Timers, Competition, and Self-Defense, part I…

Recently, John Wallace at Midwest Tactical Solutions has written a series of articles titled “Things to Consider Before Chasing the Timer“.  In it, he discusses some aspects of practice that many people ignore, such as the size and composition of training targets, movement, cover, and target discrimination.  It got me to thinking, particularly as he used a quote from me in his discussion of cover, to wit:  “Thomas Howard of Precision Response Training recently told me, “If there is one thing competition shooters suck at, its using cover.” Since he is way better at and more into competitive shooting than me, I’ll trust his judgement on this.”

I completely agree with him in his contention that 1) many people practice on static targets of ridiculous size, 2) without practicing shooting on the move, 3) without use of cover, and 4) without even elementary factors in terms of target discrimination.  (I’d actually frame it more strongly and simply say that most people don’t practice, period.  And many of the ones that do go to the range do not “practice” in any way that resembles the meaning that I would give to the term.  Going out and plinking a bit is not practice.  It may be fun, but it isn’t practice.)

That being said—I’d like to comment a bit on some of the things John said, and give a different perspective.  John is coming from a background/viewpoint that regards shooting as a combat act, particularly with respect to the rifle and carbine classes that he teaches.  When I was at the skillbuilder seminar where I gave John that quote regarding competition, in return John talked about the fact that his focus is on tactics applicable to combat.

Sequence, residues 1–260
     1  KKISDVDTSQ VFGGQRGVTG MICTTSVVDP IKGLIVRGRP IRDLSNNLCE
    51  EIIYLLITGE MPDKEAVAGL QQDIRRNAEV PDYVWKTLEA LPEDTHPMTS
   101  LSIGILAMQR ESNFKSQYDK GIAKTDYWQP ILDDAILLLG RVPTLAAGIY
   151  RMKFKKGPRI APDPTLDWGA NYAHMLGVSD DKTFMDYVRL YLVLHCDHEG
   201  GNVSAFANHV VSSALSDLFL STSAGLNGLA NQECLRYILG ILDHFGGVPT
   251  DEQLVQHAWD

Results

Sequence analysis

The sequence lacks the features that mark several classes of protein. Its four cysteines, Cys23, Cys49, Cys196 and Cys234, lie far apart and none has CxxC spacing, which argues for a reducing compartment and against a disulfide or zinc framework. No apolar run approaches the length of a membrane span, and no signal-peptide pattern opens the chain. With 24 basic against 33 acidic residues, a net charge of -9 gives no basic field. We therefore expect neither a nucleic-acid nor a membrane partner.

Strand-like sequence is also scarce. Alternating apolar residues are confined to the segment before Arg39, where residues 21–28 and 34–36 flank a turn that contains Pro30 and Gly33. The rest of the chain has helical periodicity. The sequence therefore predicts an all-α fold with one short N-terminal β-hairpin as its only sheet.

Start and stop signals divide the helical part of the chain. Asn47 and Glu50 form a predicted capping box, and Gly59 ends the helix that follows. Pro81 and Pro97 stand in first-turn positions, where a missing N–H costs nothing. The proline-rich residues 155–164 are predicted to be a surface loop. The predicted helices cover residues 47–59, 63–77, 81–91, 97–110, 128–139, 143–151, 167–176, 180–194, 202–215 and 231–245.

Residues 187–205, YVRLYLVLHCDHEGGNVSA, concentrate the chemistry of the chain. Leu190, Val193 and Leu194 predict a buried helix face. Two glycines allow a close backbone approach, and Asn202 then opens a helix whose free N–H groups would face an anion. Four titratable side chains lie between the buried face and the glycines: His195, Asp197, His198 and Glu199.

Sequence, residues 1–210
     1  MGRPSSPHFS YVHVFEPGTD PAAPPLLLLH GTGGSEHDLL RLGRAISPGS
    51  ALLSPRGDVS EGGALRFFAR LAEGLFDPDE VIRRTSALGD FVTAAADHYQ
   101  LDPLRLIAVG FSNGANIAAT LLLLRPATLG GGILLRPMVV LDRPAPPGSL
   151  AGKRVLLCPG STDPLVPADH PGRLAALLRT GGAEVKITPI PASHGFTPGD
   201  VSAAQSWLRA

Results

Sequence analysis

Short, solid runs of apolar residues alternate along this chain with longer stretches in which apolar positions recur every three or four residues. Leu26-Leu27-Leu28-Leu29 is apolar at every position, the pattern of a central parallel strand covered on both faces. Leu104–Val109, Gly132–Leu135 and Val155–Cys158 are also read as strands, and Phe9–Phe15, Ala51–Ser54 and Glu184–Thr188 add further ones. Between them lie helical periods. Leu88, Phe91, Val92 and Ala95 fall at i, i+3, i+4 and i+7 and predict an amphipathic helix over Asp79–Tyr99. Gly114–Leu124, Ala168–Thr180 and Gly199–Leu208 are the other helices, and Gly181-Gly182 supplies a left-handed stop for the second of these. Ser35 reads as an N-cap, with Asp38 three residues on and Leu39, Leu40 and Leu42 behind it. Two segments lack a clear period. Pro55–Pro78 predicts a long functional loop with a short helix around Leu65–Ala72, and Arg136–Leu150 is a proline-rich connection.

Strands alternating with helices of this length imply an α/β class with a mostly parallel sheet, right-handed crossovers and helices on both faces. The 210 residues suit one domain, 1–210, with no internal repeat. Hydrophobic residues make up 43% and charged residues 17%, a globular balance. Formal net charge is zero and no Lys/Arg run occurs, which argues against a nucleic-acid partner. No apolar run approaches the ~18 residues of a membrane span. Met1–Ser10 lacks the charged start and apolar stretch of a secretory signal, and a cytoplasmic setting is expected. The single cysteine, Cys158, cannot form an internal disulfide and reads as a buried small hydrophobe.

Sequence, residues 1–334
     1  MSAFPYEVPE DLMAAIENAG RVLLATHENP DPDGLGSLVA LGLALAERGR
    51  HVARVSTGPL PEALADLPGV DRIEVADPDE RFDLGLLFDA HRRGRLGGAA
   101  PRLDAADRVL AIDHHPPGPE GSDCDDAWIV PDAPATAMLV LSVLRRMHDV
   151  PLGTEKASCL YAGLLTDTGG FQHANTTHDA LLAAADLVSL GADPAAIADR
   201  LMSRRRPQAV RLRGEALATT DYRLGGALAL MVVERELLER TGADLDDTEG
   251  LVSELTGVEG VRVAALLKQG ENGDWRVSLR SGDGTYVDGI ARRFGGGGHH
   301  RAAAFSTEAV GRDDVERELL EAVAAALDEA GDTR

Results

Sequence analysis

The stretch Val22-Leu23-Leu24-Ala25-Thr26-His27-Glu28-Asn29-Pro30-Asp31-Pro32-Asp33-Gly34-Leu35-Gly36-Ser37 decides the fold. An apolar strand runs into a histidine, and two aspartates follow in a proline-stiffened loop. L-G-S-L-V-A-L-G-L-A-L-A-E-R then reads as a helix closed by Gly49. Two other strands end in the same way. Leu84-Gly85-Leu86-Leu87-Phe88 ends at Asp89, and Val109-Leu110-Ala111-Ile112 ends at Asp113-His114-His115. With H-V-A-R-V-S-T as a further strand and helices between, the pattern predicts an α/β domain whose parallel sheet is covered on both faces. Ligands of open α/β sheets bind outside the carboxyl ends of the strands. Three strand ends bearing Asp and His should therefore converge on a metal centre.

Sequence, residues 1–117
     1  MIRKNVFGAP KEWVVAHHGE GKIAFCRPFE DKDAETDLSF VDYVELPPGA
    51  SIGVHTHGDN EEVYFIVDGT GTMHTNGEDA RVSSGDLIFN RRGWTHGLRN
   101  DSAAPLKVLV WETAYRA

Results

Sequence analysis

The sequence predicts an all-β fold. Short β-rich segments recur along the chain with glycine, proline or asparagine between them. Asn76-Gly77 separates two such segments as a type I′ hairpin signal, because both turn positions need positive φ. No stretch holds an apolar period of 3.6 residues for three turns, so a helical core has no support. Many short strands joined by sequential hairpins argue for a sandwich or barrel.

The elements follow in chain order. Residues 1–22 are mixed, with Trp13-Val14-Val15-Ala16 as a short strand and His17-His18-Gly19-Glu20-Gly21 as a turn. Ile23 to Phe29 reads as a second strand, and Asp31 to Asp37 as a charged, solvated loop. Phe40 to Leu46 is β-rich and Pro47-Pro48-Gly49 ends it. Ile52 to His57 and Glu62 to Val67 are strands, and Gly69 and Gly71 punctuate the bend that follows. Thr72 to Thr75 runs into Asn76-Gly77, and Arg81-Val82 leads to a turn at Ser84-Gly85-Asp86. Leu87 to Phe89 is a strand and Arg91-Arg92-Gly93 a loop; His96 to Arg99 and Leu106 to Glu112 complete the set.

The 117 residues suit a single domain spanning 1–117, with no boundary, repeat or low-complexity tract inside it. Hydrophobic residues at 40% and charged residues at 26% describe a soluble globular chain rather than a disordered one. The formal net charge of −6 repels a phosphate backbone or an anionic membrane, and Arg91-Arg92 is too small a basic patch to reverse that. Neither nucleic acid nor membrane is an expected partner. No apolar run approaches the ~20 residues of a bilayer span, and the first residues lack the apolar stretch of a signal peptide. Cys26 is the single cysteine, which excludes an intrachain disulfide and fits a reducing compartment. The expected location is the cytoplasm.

And while I believe that combat skills and tactics are applicable to self-defense training, I believe that there are just as many differences between combat skills and SD training as there are between competition skills and SD training.  Which, I’ll note, is why I’m perfectly good with people learning both combat skills and competition skills on their way to becoming competent at self-defense.

This isn’t to say that I think that either combat skills or competition skills (or a combination thereof) actually cover the full range of specific skills most important to citizen self-defense—I don’t.  There is, however, overlap in both cases.  (In a later post I’ll talk about what self-defense skills are lacking in both the combat skillset and the competition skillset.)

In the third part of his series, John talks about use of cover, and how competition shooters are really bad at it.  (Which they are, for the most part.)  He, quite rightly, discusses how cover can make a significant difference in your ability to stay alive in combat, talks about some ways to practice it, and lists some very good things to keep in mind.